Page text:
PEPFAR’s new strategy on HIV uses stigmatising language

By Shaun Mellors

Director Knowledge and Influence, International HIV/AIDS Alliance

The ambitious new strategy of the US President’s Plan for AIDS Relief uses language that has no place in the global HIV response.  

<p>Participants at a workshop in Haiti analyse the causes and consequences of stigma and discrimination to create images for a future exhibition</p>Participants at a workshop in Haiti analyse the causes and consequences of stigma and discrimination to create images for a future exhibition © 2004 Ken Morrison / HCP / Alliance

As a person living with HIV, I am disheartened and disappointed by the way the strategy describes us.

PEPFAR’s strategy for accelerating HIV/AIDS epidemic control (2017 – 2020) brings back stigmatising language from the dark ages of the AIDS response. It states: “PEPFAR will support programs that significantly decrease the number of HIV-positive positive [sic] transmitting individuals through the suppression of their viral load…” and, “Pursued in combination, these strategies will reduce the amount of HIV that is circulating in the populations…”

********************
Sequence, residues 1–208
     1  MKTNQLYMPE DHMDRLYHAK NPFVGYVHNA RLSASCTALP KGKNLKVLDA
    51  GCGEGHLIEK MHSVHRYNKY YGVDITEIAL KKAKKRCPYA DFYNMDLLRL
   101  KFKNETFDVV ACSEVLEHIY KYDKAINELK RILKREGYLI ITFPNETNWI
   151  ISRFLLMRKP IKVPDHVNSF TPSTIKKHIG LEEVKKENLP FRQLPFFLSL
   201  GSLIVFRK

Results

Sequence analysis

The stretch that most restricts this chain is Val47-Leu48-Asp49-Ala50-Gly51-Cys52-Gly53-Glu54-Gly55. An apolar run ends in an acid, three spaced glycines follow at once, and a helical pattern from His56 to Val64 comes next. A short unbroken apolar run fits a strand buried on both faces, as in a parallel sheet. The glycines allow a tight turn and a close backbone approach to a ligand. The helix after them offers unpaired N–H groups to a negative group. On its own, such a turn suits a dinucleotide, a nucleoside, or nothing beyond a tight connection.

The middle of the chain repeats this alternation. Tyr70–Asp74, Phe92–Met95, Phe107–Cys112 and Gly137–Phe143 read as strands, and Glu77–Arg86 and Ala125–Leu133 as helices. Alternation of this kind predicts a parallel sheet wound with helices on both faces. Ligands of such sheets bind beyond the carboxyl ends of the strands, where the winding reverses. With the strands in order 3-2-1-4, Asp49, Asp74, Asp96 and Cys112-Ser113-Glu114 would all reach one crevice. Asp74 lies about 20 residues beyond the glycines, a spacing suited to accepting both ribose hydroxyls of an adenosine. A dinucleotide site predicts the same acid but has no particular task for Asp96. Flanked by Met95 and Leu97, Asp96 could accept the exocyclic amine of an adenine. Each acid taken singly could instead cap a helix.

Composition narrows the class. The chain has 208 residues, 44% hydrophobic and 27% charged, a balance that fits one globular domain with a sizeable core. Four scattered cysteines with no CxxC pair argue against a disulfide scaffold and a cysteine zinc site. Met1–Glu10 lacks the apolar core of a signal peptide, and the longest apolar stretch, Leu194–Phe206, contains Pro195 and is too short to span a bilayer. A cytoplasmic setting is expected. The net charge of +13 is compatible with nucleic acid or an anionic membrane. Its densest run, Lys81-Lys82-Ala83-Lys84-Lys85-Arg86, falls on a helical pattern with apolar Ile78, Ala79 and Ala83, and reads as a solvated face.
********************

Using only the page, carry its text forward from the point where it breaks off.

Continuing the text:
At the International HIV/AIDS Alliance, we believe this language reinforces the concept of people living with HIV as vectors of disease and reverses progress made on the meaningful involvement of those most affected, in the response to HIV.

Involving people living with HIV

The Greater Involvement of People Living with HIV principle and the Positive Health, Dignity and Prevention framework have been fundamental to an effective response to HIV, by fully involving people living with HIV in their health and the response as a whole.

It is shocking and disheartening to see PEPFAR use such stigmatising language when it should be upholding principles it once thought essential.

There is robust evidence pointing to stigma as a key driver of this epidemic, particularly among populations most affected by HIV such as men who have sex with menpeople who inject drugs and sex workers.

For those of us working to end AIDS by 2030, it is vital that we have a united approach to tackling stigma, which includes using language that does not make things worse for those most affected by the disease.

The Alliance promotes and supports a person-centred approach to HIV to increase access to quality HIV services which must be embedded in a rights-based and community led approach.